Richard Kamerman is owner of the Brooklyn label Copy For Your Records and last year produced another solo work None For The Money (CFYR013), published without any explanation…a fine assemblage of difficult computer noise, contextualised by its arrangement into three “suites”, each movement given elaborate and somewhat lyrical titles, occasionally with further subtitles inserted in the lower tier of the hierarchy…in the “Twenty-Four Sycamores” chapter, the sounds appear to be completely random until eventually (on the long track #4) we discover they start to resolve themselves into regular patterns, but you have to really use your imagination to discern them. Our listening task is made even tougher from the outset, given Kamerman’s penchant for rather harsh and rough surfaces – what I think of as digital yard-brushes applied to the most sensitive parts of the body – and his proclivity for strange electronic bleepage and bubblement, tones which appear almost absurd as they float past in this inscrutable melange. Yet it’s a highly compelling listen, introverted indoor music for apartment-dwellers who get a kick from watching the mould spreading slowly across their shower cubicle while the old TV set in the next room plays off-channel white noise.
Part two he dubs “Tau Pukka Patellae”, a 23-minute work that’s elaborate enough to warrant descriptive titles for each separate channel, suggesting that Kamerman has spliced two unrelated compositions together in the interests of economy. Compared to part one, this digital hymn to the kneecaps is a far livelier hoppermaroo, a true disco-feast for the cockroaches or other insects inhabiting the floorboards as they dance in triumph after midnight. Aye, the sizzle and dynamic of this piece results precisely from the collisions and spaces caused by rubbing the two stereo channels together until their respective warps and woofs begin to inter-weave and melt together. Insufferable abstract Hell to some, to others a testing experiment in advanced electronics, taken beyond normal endurance points. Kamerman will never be mistaken for a minimalist with solid textures like these which you could use to carpet a whole tenement block, yet it’s true there is also a bold simplicity to assemblages of this ilk.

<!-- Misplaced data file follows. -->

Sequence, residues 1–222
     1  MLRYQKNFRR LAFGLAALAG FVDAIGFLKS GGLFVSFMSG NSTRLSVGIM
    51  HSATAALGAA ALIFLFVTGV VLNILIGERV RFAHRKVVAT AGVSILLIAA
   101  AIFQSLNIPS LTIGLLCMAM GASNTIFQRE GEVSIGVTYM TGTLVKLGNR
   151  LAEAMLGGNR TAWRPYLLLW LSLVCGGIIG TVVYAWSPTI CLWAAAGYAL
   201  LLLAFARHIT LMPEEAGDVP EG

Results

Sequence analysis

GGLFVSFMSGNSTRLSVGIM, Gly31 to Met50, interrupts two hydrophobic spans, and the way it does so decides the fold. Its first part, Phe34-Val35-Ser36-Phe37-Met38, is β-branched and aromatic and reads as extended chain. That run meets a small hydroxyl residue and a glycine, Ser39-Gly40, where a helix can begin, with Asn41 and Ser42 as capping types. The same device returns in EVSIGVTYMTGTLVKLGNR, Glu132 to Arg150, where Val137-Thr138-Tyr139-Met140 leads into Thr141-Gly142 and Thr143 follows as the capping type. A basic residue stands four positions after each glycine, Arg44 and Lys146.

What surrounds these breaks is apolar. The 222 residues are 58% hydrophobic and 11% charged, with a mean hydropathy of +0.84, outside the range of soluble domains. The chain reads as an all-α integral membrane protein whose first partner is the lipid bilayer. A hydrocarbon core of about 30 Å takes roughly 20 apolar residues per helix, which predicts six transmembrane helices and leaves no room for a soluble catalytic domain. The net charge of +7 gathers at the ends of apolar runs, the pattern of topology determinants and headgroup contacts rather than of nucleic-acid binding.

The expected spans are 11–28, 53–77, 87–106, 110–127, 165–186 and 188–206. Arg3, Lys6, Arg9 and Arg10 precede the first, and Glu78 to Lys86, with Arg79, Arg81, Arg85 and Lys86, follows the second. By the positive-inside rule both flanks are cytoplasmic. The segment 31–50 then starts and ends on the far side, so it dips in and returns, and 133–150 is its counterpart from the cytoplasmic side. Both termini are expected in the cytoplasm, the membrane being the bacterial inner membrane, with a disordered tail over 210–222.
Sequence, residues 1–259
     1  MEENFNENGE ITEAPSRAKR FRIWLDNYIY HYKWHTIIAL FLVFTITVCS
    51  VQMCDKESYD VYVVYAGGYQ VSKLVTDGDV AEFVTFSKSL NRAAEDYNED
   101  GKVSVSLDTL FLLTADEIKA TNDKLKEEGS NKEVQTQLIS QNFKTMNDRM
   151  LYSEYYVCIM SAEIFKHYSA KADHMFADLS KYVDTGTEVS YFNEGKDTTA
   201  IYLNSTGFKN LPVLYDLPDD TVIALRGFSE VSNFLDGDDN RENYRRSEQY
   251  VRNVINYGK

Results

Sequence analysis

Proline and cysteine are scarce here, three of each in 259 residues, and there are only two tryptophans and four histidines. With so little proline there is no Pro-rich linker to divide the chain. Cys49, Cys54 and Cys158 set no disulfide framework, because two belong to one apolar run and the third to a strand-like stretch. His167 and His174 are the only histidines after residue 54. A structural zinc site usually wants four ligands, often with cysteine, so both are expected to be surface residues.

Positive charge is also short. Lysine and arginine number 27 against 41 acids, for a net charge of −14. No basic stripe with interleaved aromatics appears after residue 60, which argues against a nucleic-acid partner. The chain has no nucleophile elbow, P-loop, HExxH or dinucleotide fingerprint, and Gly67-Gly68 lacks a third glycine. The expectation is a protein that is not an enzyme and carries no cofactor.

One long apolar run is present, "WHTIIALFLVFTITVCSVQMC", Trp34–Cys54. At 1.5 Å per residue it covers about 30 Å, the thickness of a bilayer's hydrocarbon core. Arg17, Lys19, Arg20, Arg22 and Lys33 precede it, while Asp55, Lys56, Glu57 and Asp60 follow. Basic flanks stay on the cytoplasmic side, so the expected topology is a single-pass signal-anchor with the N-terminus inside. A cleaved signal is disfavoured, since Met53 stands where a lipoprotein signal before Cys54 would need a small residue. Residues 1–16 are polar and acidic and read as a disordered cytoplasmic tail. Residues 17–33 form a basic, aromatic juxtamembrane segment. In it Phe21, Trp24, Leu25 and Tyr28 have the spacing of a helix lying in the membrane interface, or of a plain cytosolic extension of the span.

If you’ve survived this stern barrage long enough to make it to part three, called “Again, Before The Sun Ryes”, you might be puzzled by the presence of an inexplicable torchy ballad at the start which may have drifted in from a lost 1940s radio broadcast…this pre-recorded song however is merely the prelude to his 14-minute live set excerpt, a snorting firestorm of seething emotion, and clearly the most aggressive portion of this trilogy. RK lays out a fierce fusillade of inhuman noises, a fine blend of loud radio static with feedback, mini-explosions, and assorted other unpleasantnesses that can be wrung from a computer or mixing desk (I assume). But this is not foolish table-noise that sets out to eliminate the enemy through continuous assault and high volumes; it’s highly controlled, drip-fed to the listener in bite-size chunks, like bolts of radium picked out carefully from the wreckage of a nuclear reactor. An index methinks of RK’s discipline. Album ends with a curiosity whose title indicates it might be an attempt to “play” a spreadsheet, applying a stream of non-audio data to an audio player just to find out what happens.
I’ve enjoyed all of Kamerman’s experiments on this label, but this is one of the most satisfying I heard. Compared to his shorter guerilla-assault bursts of digital hackery, None For The Money is more carefully composed and arranged to deliver maximal impact, in the deployment of dynamic sonic ranges and the framing devices of his titles, which at some level help the work tell a “story”, albeit a severely abstracted and disconnected tale. (09/08/2012)